Up until the first century a.d., mirrors in the Near East were made of polished bronze or other metals. With the invention of glass in Lebanon, new techniques could be used to create more reflective surfaces. James compares God’s Word to a mirror in which people can see themselves in the light of God’s truth (James 1:22–25).
Rahab is a remarkable example of the fact that God can use whomever he chooses to accomplish his will (1 Cor. 1:26–31). Though a prostitute and a Gentile, Rahab is listed in the genealogy of Jesus (Matt. 1:5). She is remembered as a model of faith completed in works (James 2:25) and is listed among the heroes of faith in Hebrews 11.
Familiar word pictures. The images James uses to describe the power of the tongue (James 3:1–12) were well chosen to communicate to his original readers. The Greek playwright Sophocles spoke of wild horses being tamed by a small bit in the mouth. The Jewish philosopher Philo compared one’s senses to a helmsman steering a boat. And the Roman historian Plutarch compared a loose tongue to a blazing forest fire.
What does it mean to submit? Submission means that one has willingly placed himself or herself under the authority of another. It means humility and obedience, rather than rebellion. Submission to God means that the believer has surrendered to God’s will and embraced the Lord’s rule in his or her life (James 4:7).
There are two rainy seasons in Palestine (James 5:7). The “early rains” come during the fall. Rain during this time is crucial to farmers, because it helps seeds germinate. “Late rains” come in early spring and help the seedlings turn into mature plants.
The Greek phrase translated preparing your minds for action (1 Peter 1:13) was used to describe the action of wrapping one’s robes around one’s belt before beginning some physical activity. The modern equivalent would be “rolling up your sleeves.” Christians should be prepared to fully engage their minds in their service for Christ.
What is God’s purpose for civil government?
God has established civil governments around the world in order to punish wrongdoers and promote the good of society (Rom. 13:1–4). Peter teaches believers to “be subject for the Lord’s sake to every human institution” (1 Pet. 2:13–17; see 1 Tim. 2:1–2).
Husbands and wives. Peter’s statement about wives being heirs with their husbands (1Pet. 3:7) was revolutionary. In Roman tradition, the husband usually decided which religion his family would follow. Christian husbands, however, are to honor their wives as their equals in God’s sight (see Gal. 3:28).
The fiery trial. Peter warned his readers that they would soon endure a “fiery trial” (1 Pet. 4:12). In other words, they should expect persecution. He probably wrote this letter not long before the Roman emperor Nero began a campaign of persecution against Christians in Rome.
A kiss of love (1 Peter 5:14) was simply a kiss on the cheek. It was usually practiced among family members. Both Peter and Paul encouraged believers to greet one another in this fashion because it reminded them that they were brothers and sisters in Christ. Such a greeting is still common in some parts of the world today.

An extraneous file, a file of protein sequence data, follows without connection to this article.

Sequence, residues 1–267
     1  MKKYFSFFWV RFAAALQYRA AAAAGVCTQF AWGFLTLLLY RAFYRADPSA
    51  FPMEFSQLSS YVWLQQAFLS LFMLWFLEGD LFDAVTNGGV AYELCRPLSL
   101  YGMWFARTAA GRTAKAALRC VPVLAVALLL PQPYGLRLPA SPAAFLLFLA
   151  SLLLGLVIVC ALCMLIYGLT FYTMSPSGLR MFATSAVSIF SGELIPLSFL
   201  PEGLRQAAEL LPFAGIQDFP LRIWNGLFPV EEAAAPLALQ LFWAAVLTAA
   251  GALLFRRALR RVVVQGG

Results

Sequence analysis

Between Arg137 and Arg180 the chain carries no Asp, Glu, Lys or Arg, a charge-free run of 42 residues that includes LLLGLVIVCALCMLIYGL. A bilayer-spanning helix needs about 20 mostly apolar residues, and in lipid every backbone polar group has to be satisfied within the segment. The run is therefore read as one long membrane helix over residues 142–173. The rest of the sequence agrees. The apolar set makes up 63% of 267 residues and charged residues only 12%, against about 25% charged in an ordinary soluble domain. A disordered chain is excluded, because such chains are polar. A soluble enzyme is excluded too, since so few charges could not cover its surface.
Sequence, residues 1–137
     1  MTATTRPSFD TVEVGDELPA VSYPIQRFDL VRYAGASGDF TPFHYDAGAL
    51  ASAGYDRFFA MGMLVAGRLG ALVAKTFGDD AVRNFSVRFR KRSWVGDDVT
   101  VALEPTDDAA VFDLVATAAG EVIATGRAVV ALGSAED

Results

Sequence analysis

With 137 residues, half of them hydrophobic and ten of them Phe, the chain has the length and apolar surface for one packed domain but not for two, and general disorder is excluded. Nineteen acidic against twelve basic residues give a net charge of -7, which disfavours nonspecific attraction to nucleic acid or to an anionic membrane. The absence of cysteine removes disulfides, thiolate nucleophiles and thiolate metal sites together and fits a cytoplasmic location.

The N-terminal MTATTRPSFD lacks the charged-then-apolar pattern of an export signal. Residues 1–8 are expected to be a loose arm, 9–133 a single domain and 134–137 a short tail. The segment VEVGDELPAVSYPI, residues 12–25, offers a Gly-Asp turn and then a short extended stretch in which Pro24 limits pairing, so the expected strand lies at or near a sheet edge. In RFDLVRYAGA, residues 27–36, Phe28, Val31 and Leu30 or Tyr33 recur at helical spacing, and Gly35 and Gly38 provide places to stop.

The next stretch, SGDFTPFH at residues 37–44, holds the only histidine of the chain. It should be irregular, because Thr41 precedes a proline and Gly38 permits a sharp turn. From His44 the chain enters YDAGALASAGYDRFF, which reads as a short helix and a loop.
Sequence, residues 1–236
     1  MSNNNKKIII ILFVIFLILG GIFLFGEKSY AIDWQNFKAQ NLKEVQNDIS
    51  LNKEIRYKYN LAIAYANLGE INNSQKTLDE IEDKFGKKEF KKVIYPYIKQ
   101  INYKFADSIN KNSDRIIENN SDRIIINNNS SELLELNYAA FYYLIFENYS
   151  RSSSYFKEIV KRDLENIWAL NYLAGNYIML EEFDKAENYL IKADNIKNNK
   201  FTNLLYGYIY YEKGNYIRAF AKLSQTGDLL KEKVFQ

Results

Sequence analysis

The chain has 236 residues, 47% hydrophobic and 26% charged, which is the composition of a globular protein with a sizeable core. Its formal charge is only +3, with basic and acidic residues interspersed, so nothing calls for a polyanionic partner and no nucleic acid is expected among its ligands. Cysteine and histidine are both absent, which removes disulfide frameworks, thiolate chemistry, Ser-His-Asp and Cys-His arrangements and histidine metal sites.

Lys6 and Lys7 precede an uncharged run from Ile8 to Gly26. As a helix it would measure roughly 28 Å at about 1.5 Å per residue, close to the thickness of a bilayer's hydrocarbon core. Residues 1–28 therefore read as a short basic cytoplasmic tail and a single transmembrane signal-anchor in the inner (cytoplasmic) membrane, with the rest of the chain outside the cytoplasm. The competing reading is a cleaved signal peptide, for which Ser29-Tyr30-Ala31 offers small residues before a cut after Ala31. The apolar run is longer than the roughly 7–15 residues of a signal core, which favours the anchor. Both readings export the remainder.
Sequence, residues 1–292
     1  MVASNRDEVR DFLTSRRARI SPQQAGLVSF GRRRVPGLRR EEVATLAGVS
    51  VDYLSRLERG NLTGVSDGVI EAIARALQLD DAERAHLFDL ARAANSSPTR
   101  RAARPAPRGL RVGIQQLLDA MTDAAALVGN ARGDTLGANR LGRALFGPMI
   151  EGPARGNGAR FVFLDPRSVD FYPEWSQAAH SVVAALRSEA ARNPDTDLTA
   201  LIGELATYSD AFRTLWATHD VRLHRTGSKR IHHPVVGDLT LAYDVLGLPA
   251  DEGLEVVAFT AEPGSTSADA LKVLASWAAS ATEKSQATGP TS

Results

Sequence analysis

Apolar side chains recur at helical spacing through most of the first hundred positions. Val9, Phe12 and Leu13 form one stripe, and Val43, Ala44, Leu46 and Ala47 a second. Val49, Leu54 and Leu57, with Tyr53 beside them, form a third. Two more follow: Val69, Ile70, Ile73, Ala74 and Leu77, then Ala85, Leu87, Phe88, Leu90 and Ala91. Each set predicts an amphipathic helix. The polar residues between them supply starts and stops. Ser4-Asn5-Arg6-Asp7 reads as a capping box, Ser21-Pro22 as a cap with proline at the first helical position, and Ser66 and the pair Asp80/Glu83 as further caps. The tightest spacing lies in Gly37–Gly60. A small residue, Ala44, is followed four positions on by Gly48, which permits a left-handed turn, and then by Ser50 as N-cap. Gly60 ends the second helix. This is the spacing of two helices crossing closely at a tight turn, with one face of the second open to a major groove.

Facing death. As Peter wrote this second letter, apparently he knew that he would die soon (2 Pet. 1:14). He was probably martyred during the persecution of Christians following the Great Fire of Rome in a.d. 64. See also 1 Pet. 4:12.
What is a “heresy”?
The word “heresy” refers to any doctrine that contradicts the teaching of Scripture. The heresy addressed in 2 Peter also involved sexual permissiveness, greed, and dishonesty. Wrong doctrine often leads to sinful moral choices.
Like a thief in the night. Peter says the return of Christ at the end of time will be unexpected, “like a thief” (2 Pet. 3:10). Several other NT passages describe the Lord’s return in this same way (see Matt. 24:43; 1 Thess. 5:2; Rev. 3:3). Christ’s return will be a welcome surprise, however, for his true disciples.
Propitiation (1 John 2:2) is the appeasement of wrath. God’s holy anger against sin needed to be appeased before sin could be forgiven. By dying on the cross, Christ bore God’s wrath for all who trust in him (see also Rom. 3:25), anywhere in the world, giving us the ultimate example of love (1 John 4:10).
The terms light and darkness come up often in John’s writing. The light of God’s truth is shining on the darkness of ignorance and sin—and the darkness is passing away (1 John 2:8–11).
Giving to those in need. Jews in the time of Christ were generous in giving to the needy. In fact, the Jewish historian Josephus remarked that no Jew ever needed to depend on the charity of outsiders. John encourages generosity among Christians as well (1 John 3:17).
To abide in Jesus means living in a daily, close relationship with him, characterized by trust, prayer, obedience, and joy. The Holy Spirit’s presence and activity within Christians gives evidence that they are abiding in Christ (John 8:31, 6:56, 15:4; 1 John 2:6, 27–28; 3:6).
John wants his readers to know about eternal life. Whoever knows and believes in God’s Son and believes he is the Christ, no matter what their cultural or social background, has been born of God and has eternal life (1 John 5:1–12).
The elder (2 John v. 1) is clearly a self-description of the apostle John. “Elder” was a common term for a pastoral leader in the early church (see Titus 1:5; 1 Pet. 5:1). Although “elder” does not imply “elderly,” John himself was probably quite old when he wrote this letter.
John 3 - A personal letter.
John’s letter to Gaius follows the pattern of personal letters of his day: greetings (v. 1), a prayer for Gaius’s health (v. 2a), the main message (vv. 5–12), and a brief farewell (vv. 13–15). John departs from the standard form only in his expression of concern for his friend’s spiritual well-being (vv. 2b–4).